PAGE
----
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A couple of more points to follow up on in relation to this conversation. There is an April 25, 1912, article from the Chicago Daily Tribune on this site where the S.S. Bremen's Captain Wilhelm describes the scene Bremen encountered in the North Atlantic, near the site of the disaster, approximately five to six days afterward. When asked, he explains that he didn't pick up any bodies because "It was absolutely useless . . . we had no means for caring for them." Further, according to his description, the scene was overwhelming. He estimated that he saw between 150 to 200 bodies of men, women and children floating around - - all wearing lifebelts. He said the ship "ploughed through fields of bodies . . . they were everywhere." Given this description, I'm still a bit skeptical that Rostron's crew (at least with their field glasses), or Californian's, too, saw nothing. They may have, like Captain Wilhelm, simply left them for someone else because they had "no means for caring for them."
 
Mar 20, 1997
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If I recall, I've read that right when the Carpathia was searching the sinking site Captain Rostron organized the memorial service for the survivors to attend. Might this have been to ensure that the survivors weren't looking over the side when the Carpathia was scanning the area.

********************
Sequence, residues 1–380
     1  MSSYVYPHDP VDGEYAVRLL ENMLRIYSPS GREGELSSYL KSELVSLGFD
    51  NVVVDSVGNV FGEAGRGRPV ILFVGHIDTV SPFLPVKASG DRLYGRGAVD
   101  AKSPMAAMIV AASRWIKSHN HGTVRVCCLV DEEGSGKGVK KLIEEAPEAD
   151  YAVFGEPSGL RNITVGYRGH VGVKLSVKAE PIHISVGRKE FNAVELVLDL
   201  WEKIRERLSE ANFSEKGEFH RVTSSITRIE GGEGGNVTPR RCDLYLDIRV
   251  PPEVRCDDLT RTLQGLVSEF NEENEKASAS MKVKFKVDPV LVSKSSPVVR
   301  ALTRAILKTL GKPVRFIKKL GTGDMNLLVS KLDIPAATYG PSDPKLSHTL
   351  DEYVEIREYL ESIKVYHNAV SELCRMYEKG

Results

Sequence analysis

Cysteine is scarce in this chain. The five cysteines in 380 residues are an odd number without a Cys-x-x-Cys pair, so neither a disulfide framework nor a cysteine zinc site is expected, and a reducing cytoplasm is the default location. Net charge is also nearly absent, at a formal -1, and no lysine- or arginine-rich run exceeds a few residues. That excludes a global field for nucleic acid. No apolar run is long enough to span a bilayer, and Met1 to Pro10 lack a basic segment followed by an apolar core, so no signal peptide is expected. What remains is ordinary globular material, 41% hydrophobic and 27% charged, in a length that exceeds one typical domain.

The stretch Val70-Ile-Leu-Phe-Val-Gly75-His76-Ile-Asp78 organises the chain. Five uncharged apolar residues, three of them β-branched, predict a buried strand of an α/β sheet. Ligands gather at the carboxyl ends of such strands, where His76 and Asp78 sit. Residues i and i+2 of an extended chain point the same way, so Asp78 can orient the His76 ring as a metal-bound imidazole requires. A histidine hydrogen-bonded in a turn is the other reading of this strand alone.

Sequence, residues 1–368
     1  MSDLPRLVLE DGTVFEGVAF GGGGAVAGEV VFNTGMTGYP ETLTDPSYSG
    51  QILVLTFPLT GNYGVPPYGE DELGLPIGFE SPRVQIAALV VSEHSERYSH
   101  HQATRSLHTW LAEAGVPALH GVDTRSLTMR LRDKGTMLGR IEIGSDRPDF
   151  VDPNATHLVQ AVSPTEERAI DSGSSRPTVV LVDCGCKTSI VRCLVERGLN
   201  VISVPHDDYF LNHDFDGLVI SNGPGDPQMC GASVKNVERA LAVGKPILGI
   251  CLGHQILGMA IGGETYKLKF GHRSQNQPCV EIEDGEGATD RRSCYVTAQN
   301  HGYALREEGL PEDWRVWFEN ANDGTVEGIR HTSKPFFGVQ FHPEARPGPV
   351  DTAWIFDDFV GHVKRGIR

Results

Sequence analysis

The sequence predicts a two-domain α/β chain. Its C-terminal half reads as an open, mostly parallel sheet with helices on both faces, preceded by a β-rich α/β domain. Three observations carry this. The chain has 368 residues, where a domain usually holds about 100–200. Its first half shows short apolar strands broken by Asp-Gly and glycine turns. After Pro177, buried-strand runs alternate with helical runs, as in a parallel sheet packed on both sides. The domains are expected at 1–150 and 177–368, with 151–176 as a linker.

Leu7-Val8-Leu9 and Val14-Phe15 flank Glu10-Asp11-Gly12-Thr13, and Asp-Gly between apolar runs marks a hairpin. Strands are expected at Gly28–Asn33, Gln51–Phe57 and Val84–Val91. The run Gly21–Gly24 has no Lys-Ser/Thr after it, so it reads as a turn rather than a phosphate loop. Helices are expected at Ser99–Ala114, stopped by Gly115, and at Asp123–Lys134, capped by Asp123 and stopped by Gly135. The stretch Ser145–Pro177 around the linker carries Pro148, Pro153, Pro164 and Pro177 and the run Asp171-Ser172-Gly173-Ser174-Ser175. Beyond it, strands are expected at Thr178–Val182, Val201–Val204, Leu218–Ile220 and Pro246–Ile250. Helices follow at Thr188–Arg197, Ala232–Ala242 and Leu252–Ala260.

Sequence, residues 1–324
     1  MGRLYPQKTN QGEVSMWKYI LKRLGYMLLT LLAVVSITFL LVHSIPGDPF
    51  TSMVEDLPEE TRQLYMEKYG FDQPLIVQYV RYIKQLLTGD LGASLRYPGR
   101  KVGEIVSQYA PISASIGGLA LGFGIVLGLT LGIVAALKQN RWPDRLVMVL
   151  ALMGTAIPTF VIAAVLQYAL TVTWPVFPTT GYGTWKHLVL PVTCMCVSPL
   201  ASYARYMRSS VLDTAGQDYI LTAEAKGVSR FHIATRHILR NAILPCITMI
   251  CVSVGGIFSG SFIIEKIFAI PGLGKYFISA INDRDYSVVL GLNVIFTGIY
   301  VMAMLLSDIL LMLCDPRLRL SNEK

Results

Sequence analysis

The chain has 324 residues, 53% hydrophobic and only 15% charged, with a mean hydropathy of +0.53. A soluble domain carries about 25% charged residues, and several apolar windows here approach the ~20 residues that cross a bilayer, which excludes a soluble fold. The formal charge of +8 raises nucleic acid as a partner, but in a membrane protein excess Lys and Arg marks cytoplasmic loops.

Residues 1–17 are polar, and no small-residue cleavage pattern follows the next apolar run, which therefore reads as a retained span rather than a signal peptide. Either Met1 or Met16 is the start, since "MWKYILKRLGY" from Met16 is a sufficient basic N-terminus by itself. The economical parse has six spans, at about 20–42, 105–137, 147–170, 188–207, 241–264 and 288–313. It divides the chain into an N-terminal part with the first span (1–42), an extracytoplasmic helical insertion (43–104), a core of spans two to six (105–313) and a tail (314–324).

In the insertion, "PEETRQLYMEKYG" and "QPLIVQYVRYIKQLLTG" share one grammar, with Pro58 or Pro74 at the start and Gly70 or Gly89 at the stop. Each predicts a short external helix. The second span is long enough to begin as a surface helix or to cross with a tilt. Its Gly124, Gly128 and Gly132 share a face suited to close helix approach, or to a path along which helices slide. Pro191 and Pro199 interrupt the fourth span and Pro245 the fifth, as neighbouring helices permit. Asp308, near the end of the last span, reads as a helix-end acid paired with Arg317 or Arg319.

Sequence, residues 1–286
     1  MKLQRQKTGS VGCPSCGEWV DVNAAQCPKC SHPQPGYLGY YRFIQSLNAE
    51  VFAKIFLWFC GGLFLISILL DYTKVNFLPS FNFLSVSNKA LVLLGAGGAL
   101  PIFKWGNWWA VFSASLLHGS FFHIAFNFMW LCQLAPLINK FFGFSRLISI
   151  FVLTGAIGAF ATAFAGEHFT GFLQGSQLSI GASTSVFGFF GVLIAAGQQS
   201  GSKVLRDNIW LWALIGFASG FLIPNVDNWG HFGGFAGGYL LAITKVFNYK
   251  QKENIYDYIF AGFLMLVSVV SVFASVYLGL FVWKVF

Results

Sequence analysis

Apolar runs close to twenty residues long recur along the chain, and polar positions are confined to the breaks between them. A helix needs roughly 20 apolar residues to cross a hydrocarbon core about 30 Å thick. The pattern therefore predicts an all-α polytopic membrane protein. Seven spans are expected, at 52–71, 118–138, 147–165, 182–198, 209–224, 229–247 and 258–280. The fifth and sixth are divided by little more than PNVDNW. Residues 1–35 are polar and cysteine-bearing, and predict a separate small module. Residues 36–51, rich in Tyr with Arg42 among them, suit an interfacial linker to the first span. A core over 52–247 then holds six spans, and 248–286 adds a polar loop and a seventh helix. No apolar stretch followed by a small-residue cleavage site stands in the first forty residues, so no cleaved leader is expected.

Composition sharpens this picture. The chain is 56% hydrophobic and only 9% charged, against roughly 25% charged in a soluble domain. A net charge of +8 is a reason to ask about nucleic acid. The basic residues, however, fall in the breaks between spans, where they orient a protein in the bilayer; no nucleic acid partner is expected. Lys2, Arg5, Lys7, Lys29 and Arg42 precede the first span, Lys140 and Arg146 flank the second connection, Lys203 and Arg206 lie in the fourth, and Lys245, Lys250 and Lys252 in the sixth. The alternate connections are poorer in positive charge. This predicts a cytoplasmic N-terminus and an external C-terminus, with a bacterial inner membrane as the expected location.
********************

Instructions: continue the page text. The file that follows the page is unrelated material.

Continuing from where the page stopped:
They may have seen quite a few bodies but since the passengers were none the wiser, they didn't say so. I would think some of the survivors and Carpathia passengers would have reported seeing the carnage if they had.
 
Dec 12, 1999
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You're right, Arthur. In "Titanic, An Illustrated History," it says two services were held inside for Titanic's passengers and that "While many of the passengers were thus distracted, Captain Rostron looked for any last survivors. The remnants of the Titanic had apparently drifted away, for he found very little . . . mostly loose cork . . . He saw one body." Further, it's worth nothing that the McKay-Bennett left Halifax to pick up the bodies, on Thursday, April 17, 1912. As such, it must have received its instruction at least one or two days in advance of disembarking - - because the ship's captain had to gather a crew, get embalming fluid, coffins, and related supplies for what proved to be a long voyage. Thus, I figure that White Star probably hired McKay-Bennett the day after the disaster. This is well before Bremen spotted the bodies (on April 20, 1912). If no one on the Carpathia or Californian spotted any bodies, and believed they disappeared, then why did White Star send the McKay-Bennet out so quickly to pick them up? The immediacy of their reaction, less than one day after the disaster, and before the Carpathia docked or Bremen reported sightings, suggests that White Star independently knew the bodies weren't actually gone. Perhaps, it was tipped off.
 
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Mike Herbold